Make your wooden furniture last longer: where and how to keep it

July 29, 2015

Wood can last for generations, as long as you care for it properly. Follow these tips on where to keep your wooden furniture and how to protect it.

Make your wooden furniture last longer: where and how to keep it

Keep away from heat and moisture

  • Most wood furniture is held together by tight-fitting joints where two parts have been glued together.
  • The joints are very strong, but two things can undo them: heat and moisture. The former shrinks the wood and thereby loosens the joint.
  • The joints of a wooden chair placed near a heat register or radiator, for example, may loosen and eventually fail due to shrinkage.
  • Moisture, on the other hand, can cause joint failure by softening the water-based glues typically used with wood furniture.
  • Heat also accelerates oxidation.
  • That's what makes metal rust and furniture finishes turn dark and eventually start to crack.
  • While you can't stop oxidation, you can slow it down by taking those antiques out of the hot attic and making sure furniture is not too close to radiators or heating vents.

Keep wood furniture out of sunlight

Light — especially direct sunlight, but indoor lighting, too — is your furniture finish's worst enemy. The ultraviolet rays break down the finish. Waxes and polishes do nothing to stop this deterioration — anything you can see through won't block light. This is a slow process, but it's worth slowing further if you have valuable pieces that you want to hand down in fine shape. Here are some tips:

• Keep the pieces out of direct sunlight by keeping drapes closed and keeping the furniture away from windows.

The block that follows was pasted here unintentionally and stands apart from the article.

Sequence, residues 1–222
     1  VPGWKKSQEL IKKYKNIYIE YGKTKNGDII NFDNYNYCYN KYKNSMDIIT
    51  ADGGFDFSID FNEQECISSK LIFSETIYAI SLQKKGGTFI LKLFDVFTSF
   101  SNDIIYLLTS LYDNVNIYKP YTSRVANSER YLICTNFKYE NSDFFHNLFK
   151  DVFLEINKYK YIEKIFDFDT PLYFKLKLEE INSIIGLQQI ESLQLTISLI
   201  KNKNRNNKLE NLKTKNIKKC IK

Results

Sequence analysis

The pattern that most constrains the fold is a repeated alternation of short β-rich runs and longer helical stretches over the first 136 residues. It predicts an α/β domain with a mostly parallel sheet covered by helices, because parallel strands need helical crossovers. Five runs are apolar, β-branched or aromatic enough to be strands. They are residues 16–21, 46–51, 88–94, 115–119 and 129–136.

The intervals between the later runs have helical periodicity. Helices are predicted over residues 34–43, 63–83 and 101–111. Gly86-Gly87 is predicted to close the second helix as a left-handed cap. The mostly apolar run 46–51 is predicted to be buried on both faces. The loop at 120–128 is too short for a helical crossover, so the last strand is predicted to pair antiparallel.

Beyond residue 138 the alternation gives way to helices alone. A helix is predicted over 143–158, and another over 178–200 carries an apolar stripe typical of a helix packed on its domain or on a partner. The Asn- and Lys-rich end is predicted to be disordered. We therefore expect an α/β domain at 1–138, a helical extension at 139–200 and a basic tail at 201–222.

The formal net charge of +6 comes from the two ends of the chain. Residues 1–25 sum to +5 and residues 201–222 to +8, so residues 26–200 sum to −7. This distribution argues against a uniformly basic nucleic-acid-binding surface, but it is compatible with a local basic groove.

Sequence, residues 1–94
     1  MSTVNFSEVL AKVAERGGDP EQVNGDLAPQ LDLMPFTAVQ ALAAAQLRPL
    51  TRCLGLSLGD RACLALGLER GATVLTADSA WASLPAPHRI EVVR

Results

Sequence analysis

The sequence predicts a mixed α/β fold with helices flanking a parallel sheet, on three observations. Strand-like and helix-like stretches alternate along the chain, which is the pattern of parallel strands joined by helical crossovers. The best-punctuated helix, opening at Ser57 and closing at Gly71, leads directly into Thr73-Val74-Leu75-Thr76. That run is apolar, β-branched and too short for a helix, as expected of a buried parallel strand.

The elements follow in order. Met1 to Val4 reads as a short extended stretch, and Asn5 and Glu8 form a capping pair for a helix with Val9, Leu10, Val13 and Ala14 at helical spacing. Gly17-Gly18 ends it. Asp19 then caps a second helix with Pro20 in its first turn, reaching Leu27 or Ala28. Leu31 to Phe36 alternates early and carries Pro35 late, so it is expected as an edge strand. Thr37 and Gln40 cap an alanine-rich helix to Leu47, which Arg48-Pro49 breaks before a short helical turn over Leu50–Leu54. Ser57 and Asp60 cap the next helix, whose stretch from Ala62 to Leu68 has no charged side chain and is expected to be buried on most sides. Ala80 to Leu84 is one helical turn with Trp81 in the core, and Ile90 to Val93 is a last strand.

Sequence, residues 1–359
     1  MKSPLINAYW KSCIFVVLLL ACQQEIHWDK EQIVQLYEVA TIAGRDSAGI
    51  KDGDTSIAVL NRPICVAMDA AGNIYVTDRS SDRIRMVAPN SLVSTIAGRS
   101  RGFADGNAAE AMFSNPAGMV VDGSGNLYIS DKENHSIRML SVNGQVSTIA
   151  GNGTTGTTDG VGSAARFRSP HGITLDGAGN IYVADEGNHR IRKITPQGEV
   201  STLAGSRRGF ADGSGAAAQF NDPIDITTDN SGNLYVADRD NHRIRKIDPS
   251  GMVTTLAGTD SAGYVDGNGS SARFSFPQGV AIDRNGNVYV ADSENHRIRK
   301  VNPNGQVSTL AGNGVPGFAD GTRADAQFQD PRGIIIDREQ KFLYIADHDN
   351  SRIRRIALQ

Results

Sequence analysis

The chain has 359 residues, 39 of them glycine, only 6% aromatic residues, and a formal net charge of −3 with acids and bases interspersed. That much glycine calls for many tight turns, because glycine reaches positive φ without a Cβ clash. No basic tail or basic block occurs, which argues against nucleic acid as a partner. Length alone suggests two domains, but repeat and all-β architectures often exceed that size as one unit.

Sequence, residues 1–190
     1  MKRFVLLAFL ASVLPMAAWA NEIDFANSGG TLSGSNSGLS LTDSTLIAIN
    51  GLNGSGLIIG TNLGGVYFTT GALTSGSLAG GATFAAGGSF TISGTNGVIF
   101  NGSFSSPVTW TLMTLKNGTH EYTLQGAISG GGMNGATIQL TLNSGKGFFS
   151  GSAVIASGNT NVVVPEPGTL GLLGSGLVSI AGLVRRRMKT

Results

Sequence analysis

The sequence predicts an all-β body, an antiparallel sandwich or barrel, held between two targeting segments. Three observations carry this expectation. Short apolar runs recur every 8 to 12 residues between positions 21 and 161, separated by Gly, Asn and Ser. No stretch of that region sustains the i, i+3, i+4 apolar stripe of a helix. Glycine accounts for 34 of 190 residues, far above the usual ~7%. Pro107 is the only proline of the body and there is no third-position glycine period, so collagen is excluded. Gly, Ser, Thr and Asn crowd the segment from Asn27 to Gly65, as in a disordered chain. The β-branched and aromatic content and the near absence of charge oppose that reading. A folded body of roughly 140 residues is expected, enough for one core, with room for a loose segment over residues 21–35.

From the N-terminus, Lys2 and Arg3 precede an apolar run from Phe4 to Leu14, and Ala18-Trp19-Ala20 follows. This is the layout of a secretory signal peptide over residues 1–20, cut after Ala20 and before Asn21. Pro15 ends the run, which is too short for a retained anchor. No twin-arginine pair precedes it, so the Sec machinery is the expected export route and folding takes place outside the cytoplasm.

• Turn off lights when you are not using the room.

• Keep pieces covered when you can — use tablecloths and throw a sheet over the furniture when you go on vacation.

Do not cover with plastic

Never cover your tables with plastic pads for long periods. The plastic might stick to the finish.

Watch the humidity

  • Cold air can't hold moisture as warm air can, so cold winter air is naturally dry.
  • Your heating system warms dry air, increasing the air's ability to suck up moisture.
  • Unless you provide another source in the form of a humidifier, the moisture will come from your skin, your nasal passages, and your furniture.
  • This causes your nose to become irritated, your skin to itch, and your wood furniture to shrink, loosening its joinery and sometimes causing wood to split.
  • Hot summer air can hold lots of moisture, and unless you live in a very arid region, your wooden furniture will absorb moisture from the air, causing it to expand.
  • This is why drawers stick and table leaves warp.
  • In summer use an air conditioner, which will cool the air and make it give up its moisture before it's absorbed by your furniture.

Eliminate guesswork

  • If you own collectable antique furniture articles and want to preserve them, invest in an inexpensive hygrometer.
  • Use it, along with humidifiers or dehumidifiers, to keep the relative humidity in your home between 40 and 60 per cent.

Keep it level

  • If your floor is uneven or out of level, it could be putting undue strain on your furniture's joinery, consigning it to an early demise.
  • This is especially true for furniture that carries a heavy load, such as bookcases and china cabinets.
  • If you can rock the piece, that's bad news.
  • Otherwise, use a spirit level to make sure the piece isn't tilted. If it is, a shim under one side or under one or two legs should level it out and put the load back where it belongs.
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